Culture Clash?

I am working on a book that explores lessons learned by early adopters of EMR software (also known as EHR software in the US).  In the course of my research, I ran across an a provocative blog post by Dr. Michael Koriwchak, an EMR consultant. In this blog Dr. Koriwchak makes the argument that there is a culture clash between Health IT professionals and physicians that is impeding EMR use and adoption.  Dr. Koriwchak asserts that HIT professionals don’t appreciate that healthcare is fundamentally different from most other industries and that applying the same perspectives with regard to automating work flows ignores the importance of the doctor-patient relationship.

Physicians, according to Dr. Koriwchak, look at workflows and data as a means to an end.  They exist solely “to support and execute the decisions patients and doctors make together”.  He further contends that “the art and science of medicine defy, to some degree, traditional software structure and data capture techniques.”.  I believe that this observation regarding the challenge of applying traditional software techniques to the design of EMR software explains some of the usability criticisms that I have been hearing and blogging about over the past few months.

Dr. Koriwchak doesn’t let physicians off the hook, however, in his blog post.  He suggests that they are equally culpable in the culture clash about which he writes.  He suggests that physicians “act as if the doctor-patient relationship is so sacred as to be perfect and infallible, privileged from the need to evolve and improve.”

Do you think that there is culture clash between HIT professionals and the medical community?

Mike

2 responses to “Culture Clash?

  1. Vijit Coomara

    Mike: I agree with the “both wrong, both right statement”. Yes today there is a culture clash. IT guys should be more sensitive to the all important doctor-patient relationship and try to do our best to help the doctor in any way we can. Instead we give them some user interface which “we think is the cat’s meow”, but we are oh so offended when the doctor refuses to use it because we have in fact given him/her something that actually makes him/her less productive. IT guys need to spend their time with doctors and learn to listen and take what they say very seriously. On the other hand the doctors also need to realize that their workflow is not as special as they think. I think we will continue to clash, but as the age demographic is changing, we have better opportunities to meet in the middle.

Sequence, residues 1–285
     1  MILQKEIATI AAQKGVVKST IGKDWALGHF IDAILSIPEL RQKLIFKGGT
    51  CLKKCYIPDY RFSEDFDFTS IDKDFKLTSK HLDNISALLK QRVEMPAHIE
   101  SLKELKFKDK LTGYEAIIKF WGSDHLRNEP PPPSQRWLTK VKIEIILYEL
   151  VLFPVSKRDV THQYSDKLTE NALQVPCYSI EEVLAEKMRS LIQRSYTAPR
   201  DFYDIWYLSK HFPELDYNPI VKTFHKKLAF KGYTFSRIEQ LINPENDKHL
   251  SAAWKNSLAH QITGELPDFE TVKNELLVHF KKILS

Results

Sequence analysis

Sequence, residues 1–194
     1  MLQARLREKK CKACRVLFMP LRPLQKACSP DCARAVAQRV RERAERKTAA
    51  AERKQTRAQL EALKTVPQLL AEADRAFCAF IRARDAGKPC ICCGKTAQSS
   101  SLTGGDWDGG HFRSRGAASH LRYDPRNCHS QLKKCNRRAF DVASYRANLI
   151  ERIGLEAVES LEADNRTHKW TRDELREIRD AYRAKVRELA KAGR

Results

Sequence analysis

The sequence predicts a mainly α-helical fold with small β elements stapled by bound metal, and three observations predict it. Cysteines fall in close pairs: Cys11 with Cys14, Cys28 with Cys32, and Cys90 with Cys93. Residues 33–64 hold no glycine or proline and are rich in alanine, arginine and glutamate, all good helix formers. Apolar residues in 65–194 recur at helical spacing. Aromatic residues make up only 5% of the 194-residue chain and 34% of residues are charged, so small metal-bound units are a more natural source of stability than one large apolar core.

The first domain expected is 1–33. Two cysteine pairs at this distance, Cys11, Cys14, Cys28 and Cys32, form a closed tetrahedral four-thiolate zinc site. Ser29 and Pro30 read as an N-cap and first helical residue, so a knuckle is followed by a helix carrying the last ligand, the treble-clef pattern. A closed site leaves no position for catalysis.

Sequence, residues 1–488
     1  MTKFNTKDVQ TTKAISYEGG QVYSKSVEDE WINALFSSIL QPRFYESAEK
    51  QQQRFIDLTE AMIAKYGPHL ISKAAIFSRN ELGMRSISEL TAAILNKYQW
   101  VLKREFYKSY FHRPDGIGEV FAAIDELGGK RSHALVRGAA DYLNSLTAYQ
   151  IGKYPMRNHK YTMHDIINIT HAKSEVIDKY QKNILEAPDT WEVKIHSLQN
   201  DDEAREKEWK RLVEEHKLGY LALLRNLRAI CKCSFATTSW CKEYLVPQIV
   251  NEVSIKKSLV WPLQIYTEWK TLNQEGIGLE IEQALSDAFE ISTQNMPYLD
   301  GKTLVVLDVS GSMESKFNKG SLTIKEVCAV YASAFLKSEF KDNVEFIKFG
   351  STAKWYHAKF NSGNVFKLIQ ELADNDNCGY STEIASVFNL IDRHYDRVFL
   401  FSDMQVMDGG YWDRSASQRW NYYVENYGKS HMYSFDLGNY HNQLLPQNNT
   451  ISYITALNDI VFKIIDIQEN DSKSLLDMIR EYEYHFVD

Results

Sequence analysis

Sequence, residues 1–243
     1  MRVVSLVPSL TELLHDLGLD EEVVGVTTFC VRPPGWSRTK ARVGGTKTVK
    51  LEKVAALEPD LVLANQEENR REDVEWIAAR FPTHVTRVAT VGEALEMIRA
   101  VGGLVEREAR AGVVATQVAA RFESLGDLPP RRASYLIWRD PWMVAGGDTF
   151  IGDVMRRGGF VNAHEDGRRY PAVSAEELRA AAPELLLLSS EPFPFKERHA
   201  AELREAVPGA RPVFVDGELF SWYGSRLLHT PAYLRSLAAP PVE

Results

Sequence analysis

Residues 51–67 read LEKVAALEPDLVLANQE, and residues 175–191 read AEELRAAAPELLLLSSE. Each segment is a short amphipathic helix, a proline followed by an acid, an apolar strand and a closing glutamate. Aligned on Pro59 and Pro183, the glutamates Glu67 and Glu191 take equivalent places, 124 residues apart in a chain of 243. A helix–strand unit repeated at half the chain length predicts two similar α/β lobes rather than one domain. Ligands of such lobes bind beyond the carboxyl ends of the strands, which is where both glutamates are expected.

2. 2 points…
    1) I f you want to see a highly evolved I-technology/physician interface look at Radiology & PACS. Not only have the vendor’s verbal/visual/tactile interfaces been highly tuned, but IHE has developed comprehensive workflow models. Not perfect yet, but the current state represents the results of much effort in this area ….

    2) I am writing a whitepaper about IT service management in healthcare. To start things off, about a week ago, I posted query on a Linked-In group asking folks to suggest attributes of healthcare that make it different from other domains from the perspective of IT. To start things off and to make things a little interesting I posted a “top 10 list” but left off perhaps the most important attribute.

    The group has about 60 members, mostly from Ontario, but so far the post has yet to generate a single response (are we actually not different?). If you are interested in contributing join the group “ITIL for Healthcare” on Linked-In (disclosure – I am the manager if this group).

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